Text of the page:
I have been gathering folk songs for awhile now as I have slowly come to understand why learning folk songs of other nations should matter to us.
I just read the foreword of an old folk song book I picked up and I think this sums it up:
"If we, in America, are going to be good neighbors with the rest of the world, it is important that we come to know how people in other lands think and feel. The songs of a people reveal more truly than do anything else the spirit and mood of their daily lives... Some of them are very old and all of them have for generations been used to express the spirit of the people from whence they came.
"Because we are such a young nation we, in America, have not yet developed very much fine music of our own. If, however, all of the boys and girls are given an opportunity for training in music, in the course of time we too shall have a great American musical art."
The Arts are the great preservers of Truth through the generations. What will we be leaving behind from which generations to come will learn about our hearts?
Our MU topic this month is History and this reminder from the Delphian Reading Course is a good one:
"...let us remember we are not reading chiefly for information. We read to: *develop our insight into the mystery of life *to gain an individual viewpoint *to establish our standards of conduct *and modify our standard of judgment
"The word heart...often denotes the inner feelings of an individual. Our hearts--the sum total of our desires, affections, intentions, motives, and attitudes--define who we are determine what we will become." --David A Bednar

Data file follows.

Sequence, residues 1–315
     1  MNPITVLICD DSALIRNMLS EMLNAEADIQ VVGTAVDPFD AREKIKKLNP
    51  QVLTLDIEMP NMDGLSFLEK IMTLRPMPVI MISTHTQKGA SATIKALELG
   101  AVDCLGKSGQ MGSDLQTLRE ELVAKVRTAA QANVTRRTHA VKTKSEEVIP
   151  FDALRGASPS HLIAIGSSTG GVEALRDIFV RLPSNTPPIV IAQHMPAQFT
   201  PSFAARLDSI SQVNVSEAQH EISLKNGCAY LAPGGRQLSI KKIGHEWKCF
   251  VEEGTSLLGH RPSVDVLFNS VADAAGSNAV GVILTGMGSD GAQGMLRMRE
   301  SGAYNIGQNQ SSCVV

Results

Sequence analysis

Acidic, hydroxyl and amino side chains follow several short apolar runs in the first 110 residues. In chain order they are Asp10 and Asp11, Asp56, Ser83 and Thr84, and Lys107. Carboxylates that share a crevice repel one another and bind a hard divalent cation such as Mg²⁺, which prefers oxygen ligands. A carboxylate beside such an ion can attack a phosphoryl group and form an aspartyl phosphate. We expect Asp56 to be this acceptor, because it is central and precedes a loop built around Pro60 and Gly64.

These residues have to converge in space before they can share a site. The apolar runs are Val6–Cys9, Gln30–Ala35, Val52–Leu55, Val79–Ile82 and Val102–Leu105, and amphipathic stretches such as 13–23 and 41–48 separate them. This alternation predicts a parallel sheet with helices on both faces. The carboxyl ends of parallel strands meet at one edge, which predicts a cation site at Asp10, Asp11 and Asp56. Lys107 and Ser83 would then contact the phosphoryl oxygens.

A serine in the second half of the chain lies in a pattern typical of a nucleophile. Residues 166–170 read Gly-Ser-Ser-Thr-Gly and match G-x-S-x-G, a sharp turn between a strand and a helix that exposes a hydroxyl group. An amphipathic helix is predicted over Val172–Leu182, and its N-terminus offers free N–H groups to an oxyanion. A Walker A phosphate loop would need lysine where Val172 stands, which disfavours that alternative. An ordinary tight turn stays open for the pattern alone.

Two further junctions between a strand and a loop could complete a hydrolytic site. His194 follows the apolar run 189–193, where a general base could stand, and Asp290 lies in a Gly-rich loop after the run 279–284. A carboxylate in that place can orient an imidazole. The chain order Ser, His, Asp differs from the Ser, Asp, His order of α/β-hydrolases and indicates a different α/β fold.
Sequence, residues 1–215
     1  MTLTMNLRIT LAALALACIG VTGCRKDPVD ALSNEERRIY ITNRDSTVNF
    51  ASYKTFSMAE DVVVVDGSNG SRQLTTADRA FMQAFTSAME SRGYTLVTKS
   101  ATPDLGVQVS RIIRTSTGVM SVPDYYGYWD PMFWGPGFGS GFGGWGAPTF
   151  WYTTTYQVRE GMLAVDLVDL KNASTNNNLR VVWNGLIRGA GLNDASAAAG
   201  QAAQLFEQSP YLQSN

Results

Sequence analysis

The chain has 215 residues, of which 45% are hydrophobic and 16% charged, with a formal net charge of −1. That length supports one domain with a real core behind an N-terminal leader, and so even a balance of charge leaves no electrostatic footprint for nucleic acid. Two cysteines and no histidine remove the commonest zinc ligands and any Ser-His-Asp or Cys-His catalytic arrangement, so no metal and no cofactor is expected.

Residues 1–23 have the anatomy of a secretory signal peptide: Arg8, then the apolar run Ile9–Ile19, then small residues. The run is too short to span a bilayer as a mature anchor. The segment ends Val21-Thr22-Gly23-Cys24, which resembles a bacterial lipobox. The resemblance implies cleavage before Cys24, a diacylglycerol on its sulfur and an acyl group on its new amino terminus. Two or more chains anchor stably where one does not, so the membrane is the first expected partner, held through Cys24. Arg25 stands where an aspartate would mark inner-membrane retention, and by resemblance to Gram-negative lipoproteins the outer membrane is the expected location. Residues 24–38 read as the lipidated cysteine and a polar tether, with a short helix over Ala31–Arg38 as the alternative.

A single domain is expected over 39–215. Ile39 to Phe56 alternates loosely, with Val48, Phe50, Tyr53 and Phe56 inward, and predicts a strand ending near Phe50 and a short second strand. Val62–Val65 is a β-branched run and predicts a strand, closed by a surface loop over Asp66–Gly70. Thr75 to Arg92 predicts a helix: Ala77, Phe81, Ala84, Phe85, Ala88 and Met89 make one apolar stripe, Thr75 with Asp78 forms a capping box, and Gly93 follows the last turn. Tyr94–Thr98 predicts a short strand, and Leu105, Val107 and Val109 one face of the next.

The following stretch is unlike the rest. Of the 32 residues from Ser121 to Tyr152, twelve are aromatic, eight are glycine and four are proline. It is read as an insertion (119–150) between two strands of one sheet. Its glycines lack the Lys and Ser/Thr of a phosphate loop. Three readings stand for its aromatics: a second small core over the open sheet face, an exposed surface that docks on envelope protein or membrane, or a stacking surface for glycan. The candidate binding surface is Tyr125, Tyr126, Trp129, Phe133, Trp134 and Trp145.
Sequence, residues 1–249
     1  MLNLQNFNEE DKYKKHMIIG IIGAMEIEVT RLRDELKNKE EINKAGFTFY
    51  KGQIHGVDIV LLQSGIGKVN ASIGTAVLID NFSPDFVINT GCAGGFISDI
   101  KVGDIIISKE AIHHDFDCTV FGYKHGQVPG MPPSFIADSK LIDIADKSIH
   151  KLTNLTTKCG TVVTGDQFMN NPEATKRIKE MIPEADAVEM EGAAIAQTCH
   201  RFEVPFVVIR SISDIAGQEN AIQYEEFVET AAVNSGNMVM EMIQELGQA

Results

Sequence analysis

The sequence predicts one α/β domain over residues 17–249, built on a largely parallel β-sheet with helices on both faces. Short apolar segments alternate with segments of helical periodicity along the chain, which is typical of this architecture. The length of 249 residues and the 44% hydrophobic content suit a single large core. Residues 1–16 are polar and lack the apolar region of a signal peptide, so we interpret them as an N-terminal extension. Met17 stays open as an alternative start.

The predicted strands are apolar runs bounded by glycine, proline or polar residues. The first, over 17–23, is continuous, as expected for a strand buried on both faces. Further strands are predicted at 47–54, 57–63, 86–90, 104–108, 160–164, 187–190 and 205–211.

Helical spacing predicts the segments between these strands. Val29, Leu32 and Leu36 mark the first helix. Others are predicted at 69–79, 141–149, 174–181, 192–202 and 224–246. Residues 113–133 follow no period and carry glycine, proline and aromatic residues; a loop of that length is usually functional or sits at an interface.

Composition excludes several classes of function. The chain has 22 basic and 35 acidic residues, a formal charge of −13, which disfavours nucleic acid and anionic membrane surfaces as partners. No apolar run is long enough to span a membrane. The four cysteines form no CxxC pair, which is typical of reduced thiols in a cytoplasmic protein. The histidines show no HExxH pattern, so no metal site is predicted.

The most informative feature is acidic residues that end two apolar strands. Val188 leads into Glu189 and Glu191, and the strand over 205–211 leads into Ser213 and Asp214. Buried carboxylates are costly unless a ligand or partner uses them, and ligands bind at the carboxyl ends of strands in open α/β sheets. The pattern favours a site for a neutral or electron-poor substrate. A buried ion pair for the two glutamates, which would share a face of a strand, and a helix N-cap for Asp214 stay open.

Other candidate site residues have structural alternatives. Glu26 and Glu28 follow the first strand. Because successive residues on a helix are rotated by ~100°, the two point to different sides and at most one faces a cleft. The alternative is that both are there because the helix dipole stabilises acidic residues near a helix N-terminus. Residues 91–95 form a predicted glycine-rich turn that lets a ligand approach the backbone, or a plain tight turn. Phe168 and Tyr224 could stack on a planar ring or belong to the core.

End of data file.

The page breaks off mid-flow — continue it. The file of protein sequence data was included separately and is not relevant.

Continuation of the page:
That's why so much focus on a well-educated heart here!
I was reminded this morning of something I said when I addressed the World Congress of Families a few years ago. I don't believe we are in full blown winter yet, but nature and history cycles teach us it will come.
"This is the day of harvest. It is a day to thrust in your sickle and reap with diligence because you know what follows Fall's harvest. Already you may be seeing signs of approaching winter. The leaves are changing color and starting to drop off the trees. There's a bit of a chill in the air. But you don't have to be afraid. Within the harvest are lessons on how to survive harsh winters. And if you've been wise, you will have stored enough to sustain yourself through cold winter months when nothing grows. Winter can be a time to rest from heavy labors, to wrap up in a warm blanket, sit in front of a fire and reflect on things that really matter. Even on the coldest day of winter is found great beauty. Some of the greatest masterpieces of literature, art and music have come from history's winters. And if the winter's day seems especially long and dark and dreary, you can hold on to the hope and promise of spring, because spring always follows winter. Always. It will be a time of new beginnings; of clearing away rotting leaves and digging new furrows in the earth to plant the seeds saved from the fruits of fall's harvest. And there will be fresh scented breezes."